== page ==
Evaluation Method Evaluation of BET Specific Surface Area and Total Pore Volume of Negative Electrode Active Material Layer

The negative electrodes of examples 1 to 3 and comparative examples 1 to 4 were completely dried, and the negative electrode active material layer was cut to the size of 8 mm×8 mm to prepare 30 samples. The sampled negative electrode active material layer was put into a standard sample cell (glass) and dried in a vacuum condition at 130° C. for 2 hours. To measure in a liquid nitrogen container of 77 K, the liquid nitrogen container was filled with liquid nitrogen. The standard cell was cooled down, and to measure in the liquid nitrogen condition, the standard sample cell was fixed to a measurement instrument (BEL Japan, BELSORP-mino II). Subsequently, the program of the measurement instrument worked to measure the BET specific surface area through adsorption/desorption on the sampled negative electrode active material layer surface in the nitrogen gas environment.

When measuring the BET specific surface area, the total pore volume was measured together.

Evaluation of Degree of Orientation of Negative Electrode

The degree of orientation of the negative electrodes of examples 1 to 3 and comparative examples 1 to 4 was measured using Cu-Kα radiation by using an X-ray diffraction analyzer (X-ray diffraction (XRD), Model: Bruker D4 Endeavor), and numerical corrections were performed through Topas3 fitting program.

A ratio of the measured 004 peak and 110 peak was expressed as I004/I110 indicating the degree of orientation of the negative electrode.

Evaluation Method of Negative Electrode Thickness Swelling Ratio in Charge/Discharge Cycles

The negative electrode thickness swelling ratio in charge/discharge cycles of the lithium secondary batteries of examples 1 to 3 and comparative examples 1 to 4 was evaluated. The negative electrode thickness swelling ratio was a value obtained by dividing a swollen negative electrode thickness when charged by a reference negative electrode thickness, wherein the reference negative electrode thickness was the measured thickness of the negative electrode after pressing, and the swollen negative electrode thickness was the measured thickness of the charged negative electrode during charging/discharging. In this instance, charge/discharge cycles were done in the following condition, and the results were shown in the following Table 1.

    • Charge range: SOC 0˜95@±25° C.
    • 1st cycle: 0.1 C, 0.1 C CC/CV mode 4.35V charging 0.005C cut, 0.1C CC mode discharging 2.75V
    • 2nd cycle: 0.2 C, CC/CV mode 4.35V charging 0.005C cut, 0.2C CC mode discharging 2.75V
    • 3rd to 30th cycles: 0.5 C, CC/CV mode 4.35V charging 0.005C cut, 0.5C CC mode discharging 2.75V

TABLE 1 Compar- Compar- Compar- Compar- ative ative ative ative Example Example Example example example example example 1 2 3 1 2 3 4 BET specific surface area of negative 2.5 2.5 2.5 2.3 2.3 2.3 2.3 electrode active material layer before pressing (m2/g) BET specific surface area of negative 3.5 3.6 3.4 3.9 3.9 3.8 3.7 electrode active material layer after pressing (m2/g) Difference in BET specific surface 1.0 1.1 0.9 1.6 1.6 1.5 1.4 area of negative electrode active material layer before and after pressing (m2/g) Total pore volume of negative 25.4 × 26 × 25 × 26.2 × 26.2 × 26 × 26.6 × electrode active material layer before 10−3 10−3 10−3 10−3 10−3 10−3 10−3 pressing (cm3/g) Total pore volume of negative 33.9 × 35 × 32.8 × 37.2 × 37 × 36 × 36.6 × electrode active material layer after 10−3 10−3 10−3 10−3 10−3 10−3 10−3 pressing (cm3/g) Difference in total pore volume of 8.5 × 9 × 7.8 × 11 × 10.8 × 10 × 10 × negative electrode active material 10−3 10−3 10−3 10−3 10−3 10−3 10−3 layer before and after pressing (cm3/g) I004/I110 degree of orientation of 16 22 18 40 39 38 38 negative electrode Negative electrode thickness swelling 25 26 25 33 32 30 29 ratio (@ 30 cycles)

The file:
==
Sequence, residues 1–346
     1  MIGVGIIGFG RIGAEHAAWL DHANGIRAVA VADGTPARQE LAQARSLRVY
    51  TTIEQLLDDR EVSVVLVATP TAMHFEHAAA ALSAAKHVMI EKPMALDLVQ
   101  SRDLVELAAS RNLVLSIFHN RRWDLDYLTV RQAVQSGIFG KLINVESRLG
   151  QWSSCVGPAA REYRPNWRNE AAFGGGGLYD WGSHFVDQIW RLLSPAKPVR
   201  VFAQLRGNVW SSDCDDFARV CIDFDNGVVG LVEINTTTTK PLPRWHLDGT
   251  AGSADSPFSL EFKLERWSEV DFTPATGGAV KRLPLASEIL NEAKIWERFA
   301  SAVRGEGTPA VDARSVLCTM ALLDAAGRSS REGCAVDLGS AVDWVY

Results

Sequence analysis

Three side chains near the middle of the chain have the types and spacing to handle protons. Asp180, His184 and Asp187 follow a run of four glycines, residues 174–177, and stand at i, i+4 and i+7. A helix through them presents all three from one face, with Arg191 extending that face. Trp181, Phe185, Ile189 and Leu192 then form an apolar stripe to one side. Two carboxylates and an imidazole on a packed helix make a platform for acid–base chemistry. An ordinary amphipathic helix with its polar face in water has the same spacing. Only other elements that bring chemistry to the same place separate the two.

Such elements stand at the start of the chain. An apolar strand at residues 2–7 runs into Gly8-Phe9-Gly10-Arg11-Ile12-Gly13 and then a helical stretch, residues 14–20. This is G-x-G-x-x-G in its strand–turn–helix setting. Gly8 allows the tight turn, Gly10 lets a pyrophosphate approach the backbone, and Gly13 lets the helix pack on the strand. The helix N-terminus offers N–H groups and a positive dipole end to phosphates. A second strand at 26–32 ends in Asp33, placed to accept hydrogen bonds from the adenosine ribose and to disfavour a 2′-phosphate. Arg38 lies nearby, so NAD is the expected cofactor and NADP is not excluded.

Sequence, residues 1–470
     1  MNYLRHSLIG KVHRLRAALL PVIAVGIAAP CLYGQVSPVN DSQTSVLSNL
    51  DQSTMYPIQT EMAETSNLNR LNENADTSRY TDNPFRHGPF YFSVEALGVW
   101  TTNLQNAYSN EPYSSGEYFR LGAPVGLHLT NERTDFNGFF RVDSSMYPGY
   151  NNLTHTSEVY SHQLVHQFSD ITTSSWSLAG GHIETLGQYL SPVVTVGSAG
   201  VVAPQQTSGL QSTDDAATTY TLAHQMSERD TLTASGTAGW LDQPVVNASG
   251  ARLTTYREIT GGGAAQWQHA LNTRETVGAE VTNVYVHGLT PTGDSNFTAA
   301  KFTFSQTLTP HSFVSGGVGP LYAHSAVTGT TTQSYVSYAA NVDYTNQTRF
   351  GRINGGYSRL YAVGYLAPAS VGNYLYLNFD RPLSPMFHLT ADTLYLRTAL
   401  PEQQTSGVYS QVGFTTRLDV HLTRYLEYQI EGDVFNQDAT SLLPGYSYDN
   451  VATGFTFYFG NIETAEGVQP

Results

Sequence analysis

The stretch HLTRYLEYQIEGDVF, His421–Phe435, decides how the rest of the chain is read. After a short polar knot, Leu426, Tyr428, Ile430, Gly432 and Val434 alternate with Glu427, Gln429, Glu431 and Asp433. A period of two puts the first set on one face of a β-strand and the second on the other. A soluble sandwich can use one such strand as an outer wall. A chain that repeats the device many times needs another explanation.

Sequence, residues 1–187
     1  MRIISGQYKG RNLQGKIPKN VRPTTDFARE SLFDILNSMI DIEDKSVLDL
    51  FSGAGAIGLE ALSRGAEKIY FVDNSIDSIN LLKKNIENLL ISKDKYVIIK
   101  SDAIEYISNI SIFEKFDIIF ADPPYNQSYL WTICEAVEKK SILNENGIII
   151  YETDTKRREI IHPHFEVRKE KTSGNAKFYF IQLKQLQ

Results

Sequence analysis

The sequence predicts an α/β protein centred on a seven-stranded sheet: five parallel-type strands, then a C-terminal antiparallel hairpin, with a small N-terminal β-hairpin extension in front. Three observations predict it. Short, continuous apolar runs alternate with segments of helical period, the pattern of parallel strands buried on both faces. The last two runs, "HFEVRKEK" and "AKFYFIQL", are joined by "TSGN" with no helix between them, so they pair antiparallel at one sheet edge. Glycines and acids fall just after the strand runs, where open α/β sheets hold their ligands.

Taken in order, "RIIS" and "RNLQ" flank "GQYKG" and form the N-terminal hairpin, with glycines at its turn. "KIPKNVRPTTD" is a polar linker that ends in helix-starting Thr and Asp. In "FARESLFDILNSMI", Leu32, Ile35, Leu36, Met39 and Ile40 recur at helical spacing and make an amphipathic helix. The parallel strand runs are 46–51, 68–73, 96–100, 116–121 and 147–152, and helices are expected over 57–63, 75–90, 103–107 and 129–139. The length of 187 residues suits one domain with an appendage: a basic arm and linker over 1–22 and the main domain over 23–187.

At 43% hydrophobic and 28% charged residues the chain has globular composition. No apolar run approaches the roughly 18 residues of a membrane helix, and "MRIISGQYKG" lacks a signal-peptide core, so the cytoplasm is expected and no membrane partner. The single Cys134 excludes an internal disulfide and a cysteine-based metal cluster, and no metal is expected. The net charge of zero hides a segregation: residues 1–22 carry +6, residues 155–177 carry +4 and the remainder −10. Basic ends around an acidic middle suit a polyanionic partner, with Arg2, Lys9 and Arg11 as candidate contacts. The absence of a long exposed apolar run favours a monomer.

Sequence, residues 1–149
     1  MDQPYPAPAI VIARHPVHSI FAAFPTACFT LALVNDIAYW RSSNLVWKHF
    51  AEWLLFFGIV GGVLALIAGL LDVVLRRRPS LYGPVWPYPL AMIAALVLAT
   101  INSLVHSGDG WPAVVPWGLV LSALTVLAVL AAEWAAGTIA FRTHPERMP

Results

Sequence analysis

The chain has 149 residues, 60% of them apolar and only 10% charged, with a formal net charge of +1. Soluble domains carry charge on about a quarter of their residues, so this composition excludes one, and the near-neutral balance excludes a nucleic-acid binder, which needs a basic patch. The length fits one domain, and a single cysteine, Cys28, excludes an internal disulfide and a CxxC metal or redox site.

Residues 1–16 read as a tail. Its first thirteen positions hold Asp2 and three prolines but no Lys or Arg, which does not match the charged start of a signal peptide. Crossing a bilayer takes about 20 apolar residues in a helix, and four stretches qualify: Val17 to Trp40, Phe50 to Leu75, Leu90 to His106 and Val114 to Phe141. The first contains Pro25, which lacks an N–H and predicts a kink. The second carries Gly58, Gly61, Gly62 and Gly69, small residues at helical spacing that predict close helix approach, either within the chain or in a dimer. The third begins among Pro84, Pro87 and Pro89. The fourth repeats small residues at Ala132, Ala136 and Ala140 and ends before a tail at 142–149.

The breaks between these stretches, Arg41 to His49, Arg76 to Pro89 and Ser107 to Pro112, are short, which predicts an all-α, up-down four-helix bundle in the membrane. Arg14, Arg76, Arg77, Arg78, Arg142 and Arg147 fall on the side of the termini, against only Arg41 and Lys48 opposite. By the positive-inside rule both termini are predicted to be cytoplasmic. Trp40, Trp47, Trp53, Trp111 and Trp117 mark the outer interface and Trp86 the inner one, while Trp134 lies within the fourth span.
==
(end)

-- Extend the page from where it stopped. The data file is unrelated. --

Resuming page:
It can be seen from the foregoing that the negative electrodes of examples 1 to 3 according to the present disclosure had a much lower negative electrode thickness swelling ratio than the negative electrodes of comparative examples 1 to 4.

While the embodiments of the present disclosure have been hereinabove described, one having ordinary skill in the technical field pertaining to the present disclosure will understand that the present disclosure may be carried out in other forms without departing from the technical aspects or essential features of the present disclosure.

Therefore, it should be understood that the disclosed embodiments are provided by way of illustration, but not intended to limit the present disclosure. The scope of the present disclosure is defined by the appended claims rather than the detailed description, and it should be interpreted that the scope of the present disclosure covers all modifications or changes derived from the meaning and scope of the appended claims and the equivalent concept.

Claims

1. A negative electrode for a lithium secondary battery, comprising:

a negative electrode active material layer,
wherein the negative electrode active material layer is formed by steps of coating a negative electrode mixture slurry comprising spheroidized natural graphite particles as a negative electrode active material on at least one surface of a negative electrode current collector, followed by drying and pressing the negative electrode mixture slurry on the at least one surface of the negative electrode current collector, and